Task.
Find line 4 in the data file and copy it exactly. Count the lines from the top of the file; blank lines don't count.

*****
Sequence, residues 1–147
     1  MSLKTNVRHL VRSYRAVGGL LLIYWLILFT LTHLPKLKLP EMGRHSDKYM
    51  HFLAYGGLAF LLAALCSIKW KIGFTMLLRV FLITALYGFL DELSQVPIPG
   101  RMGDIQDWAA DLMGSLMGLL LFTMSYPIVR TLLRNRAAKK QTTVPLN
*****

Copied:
   101  RMGDIQDWAA DLMGSLMGLL LFTMSYPIVR TLLRNRAAKK QTTVPLN